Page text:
Computer networks at two major South Korean banks and three top TV broadcasters went into mass shutdown today.
Servers at television networks YTN, MBC and KBS were affected as well as Shinhan Bank and NongHyup Bank, two major banks, the police and government officials said.
At least some of the computers affected by the attacks had some files deleted, according to the authorities.
Screens went blank at 2pm local time (0500 GMT), with skulls popping up on the screens of some computers - a strong indication that hackers had planted a malicious code in South Korean systems, the state-run Korea Information Security Agency said.
Some computers started to get back online more than two and a half hours later.
"We sent down teams to all affected sites. We are now assessing the situation. This incident is pretty massive and will take a few days to collect evidence," a police official said.
The banks have since restored their operations, but the TV stations could not say when they would be able to get their systems back up. Some workers at the stations could not boot their computer.
Broadcasts were not affected.
Police and South Korean officials investigating the shutdown said the cause was not immediately clear.
Speculation centred on North Korea, with experts saying a cyber attack orchestrated by Pyongyang was probably to blame.
The shutdown comes amid rising rhetoric and threats of attack from Pyongyang in response to UN punishment for its December rocket launch and February nuclear test.
Washington also expanded sanctions against North Korea this month in a bid to cripple the regime's ability to develop its nuclear programme.
North Korea has threatened revenge for the sanctions and for ongoing routine US-South Korean military drills it considers invasion preparation.
Accusations of cyber attacks on the Korean Peninsula are not new. Seoul believes Pyongyang was behind at least two cyber attacks on local companies in 2011 and 2012.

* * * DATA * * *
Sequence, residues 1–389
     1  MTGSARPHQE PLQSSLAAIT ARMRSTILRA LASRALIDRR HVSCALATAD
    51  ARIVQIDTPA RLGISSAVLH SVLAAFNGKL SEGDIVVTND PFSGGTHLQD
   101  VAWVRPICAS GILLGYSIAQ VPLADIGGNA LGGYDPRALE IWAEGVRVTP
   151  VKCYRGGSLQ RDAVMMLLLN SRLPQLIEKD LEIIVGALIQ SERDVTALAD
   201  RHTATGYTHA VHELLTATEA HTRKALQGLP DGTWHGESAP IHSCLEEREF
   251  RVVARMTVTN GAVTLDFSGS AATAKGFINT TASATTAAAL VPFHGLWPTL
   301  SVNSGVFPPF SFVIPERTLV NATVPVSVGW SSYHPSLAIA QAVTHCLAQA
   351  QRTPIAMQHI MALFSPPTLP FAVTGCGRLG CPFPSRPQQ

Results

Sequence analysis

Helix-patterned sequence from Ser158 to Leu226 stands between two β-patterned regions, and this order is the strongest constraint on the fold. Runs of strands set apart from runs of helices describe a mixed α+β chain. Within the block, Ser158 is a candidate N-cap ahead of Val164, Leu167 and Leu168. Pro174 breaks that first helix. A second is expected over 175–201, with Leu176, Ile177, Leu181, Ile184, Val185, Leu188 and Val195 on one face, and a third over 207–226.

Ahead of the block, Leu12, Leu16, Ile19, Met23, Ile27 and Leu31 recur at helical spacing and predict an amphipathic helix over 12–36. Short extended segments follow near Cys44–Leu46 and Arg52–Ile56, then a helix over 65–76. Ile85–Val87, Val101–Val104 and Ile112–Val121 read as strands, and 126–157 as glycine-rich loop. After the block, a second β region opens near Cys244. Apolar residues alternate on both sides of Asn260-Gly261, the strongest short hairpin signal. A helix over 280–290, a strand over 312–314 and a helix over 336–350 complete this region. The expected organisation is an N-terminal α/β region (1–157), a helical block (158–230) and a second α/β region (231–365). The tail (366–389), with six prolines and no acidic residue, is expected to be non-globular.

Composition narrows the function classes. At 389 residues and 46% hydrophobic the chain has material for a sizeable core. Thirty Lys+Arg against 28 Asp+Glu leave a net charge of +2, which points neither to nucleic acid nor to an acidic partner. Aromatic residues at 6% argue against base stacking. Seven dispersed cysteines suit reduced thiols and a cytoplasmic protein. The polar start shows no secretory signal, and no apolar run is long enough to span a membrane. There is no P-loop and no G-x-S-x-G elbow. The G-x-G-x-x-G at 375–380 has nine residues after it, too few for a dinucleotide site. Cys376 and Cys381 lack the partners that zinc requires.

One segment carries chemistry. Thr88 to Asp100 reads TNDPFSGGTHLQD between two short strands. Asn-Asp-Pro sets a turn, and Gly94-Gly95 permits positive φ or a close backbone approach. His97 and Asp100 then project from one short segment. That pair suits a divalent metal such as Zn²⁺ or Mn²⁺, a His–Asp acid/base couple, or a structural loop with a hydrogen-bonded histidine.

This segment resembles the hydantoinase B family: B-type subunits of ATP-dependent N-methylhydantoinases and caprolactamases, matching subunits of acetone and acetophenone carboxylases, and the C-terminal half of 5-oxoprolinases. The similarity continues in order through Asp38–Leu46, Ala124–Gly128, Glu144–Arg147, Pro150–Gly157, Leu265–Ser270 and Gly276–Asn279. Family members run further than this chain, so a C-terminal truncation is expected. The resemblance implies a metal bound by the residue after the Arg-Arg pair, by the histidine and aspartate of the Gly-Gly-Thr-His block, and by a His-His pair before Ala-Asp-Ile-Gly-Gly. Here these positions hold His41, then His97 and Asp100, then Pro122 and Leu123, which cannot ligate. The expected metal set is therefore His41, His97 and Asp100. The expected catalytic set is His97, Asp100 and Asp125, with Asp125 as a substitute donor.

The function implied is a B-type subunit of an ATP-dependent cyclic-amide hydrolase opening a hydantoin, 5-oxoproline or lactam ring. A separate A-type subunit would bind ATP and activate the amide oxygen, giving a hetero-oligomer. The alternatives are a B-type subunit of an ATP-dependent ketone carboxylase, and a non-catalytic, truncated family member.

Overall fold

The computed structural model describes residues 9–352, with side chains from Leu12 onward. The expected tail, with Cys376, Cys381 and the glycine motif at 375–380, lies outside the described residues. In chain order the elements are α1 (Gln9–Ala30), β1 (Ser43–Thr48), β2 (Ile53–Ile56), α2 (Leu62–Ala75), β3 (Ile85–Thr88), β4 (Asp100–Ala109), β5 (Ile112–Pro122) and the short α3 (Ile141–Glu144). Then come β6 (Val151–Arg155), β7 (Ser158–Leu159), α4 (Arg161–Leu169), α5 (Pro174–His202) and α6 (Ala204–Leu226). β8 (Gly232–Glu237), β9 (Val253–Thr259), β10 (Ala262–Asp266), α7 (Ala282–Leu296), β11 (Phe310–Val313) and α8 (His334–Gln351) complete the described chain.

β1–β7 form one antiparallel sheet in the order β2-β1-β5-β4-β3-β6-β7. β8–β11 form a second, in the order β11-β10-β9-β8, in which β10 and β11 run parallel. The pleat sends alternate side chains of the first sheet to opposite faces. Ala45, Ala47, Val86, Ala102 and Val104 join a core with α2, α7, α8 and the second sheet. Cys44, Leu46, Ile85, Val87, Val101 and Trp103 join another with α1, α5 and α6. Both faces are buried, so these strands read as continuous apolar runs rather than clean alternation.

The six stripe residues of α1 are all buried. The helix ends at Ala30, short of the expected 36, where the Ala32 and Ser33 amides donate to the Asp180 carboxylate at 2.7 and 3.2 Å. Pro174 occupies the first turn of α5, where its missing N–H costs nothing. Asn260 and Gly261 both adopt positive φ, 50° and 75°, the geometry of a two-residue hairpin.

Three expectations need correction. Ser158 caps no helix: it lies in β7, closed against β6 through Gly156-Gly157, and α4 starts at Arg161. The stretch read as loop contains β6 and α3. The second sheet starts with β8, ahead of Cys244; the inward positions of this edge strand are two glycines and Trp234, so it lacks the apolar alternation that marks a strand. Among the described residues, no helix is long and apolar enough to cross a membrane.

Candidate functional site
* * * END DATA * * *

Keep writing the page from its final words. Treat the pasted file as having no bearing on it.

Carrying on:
The latest network paralysis took place just days after North Korea accused South Korea and the US of staging a cyber attack that shut down its websites for two days last week.
The Thai-based internet service provider confirmed the outage, but did not say what caused the shutdown in North Korea.
"It's got to be a hacking attack," Lim Jong-in, dean of Korea University's Graduate School of Information Security, said of today's events.
"Such simultaneous shutdowns cannot be caused by technical glitches."
Shinhan Bank, a lender of South Korea's fourth-largest banking group, reported a system shutdown, including online banking and cash machines.
The company could not conduct any customer activities at bank windows, including retail and corporate banking.
At one Starbucks in central Seoul, customers were asked to pay for their coffee in cash, and queues formed outside disabled bank machines.
Seoul is a largely cashless society, with many people using debit and credit cards.
Broadcasters KBS and MBC said their computers went down at 2pm but officials said the shutdown did not affect daily TV broadcasts.
The YTN cable news channel also said the company's internal computer network was completely paralysed.
Local TV showed workers staring at blank computer screens.
The South Korean military raised its cyber attack readiness level today following the shutdown, the Defence Ministry said.
Defence officials reported no signs of cyber attacks on its ministry's computer network and had no immediate details about the broader shutdown.
LG Uplus Corp, South Korea's third-largest mobile operator, which also operates landline services, said the company's networks were operating normally and it did not see any signs of a cyber attack, company spokesman Lee Jung-hwan said.
The companies whose networks shut down today use not just LG Uplus's services but also other services from SK Telecom Co and KT Corp, he said.
The investigation will take months, Mr Lim said.
"Hackers attack media companies usually because of a political desire to cause confusion in society," he said.
"Political attacks on South Korea come from North Koreans."
Massive shutdowns of the networks of major companies take at least one to six months of planning and co-ordination, said Kwon Seok-chul, chief executive officer of Seoul-based cyber security firm Cuvepia.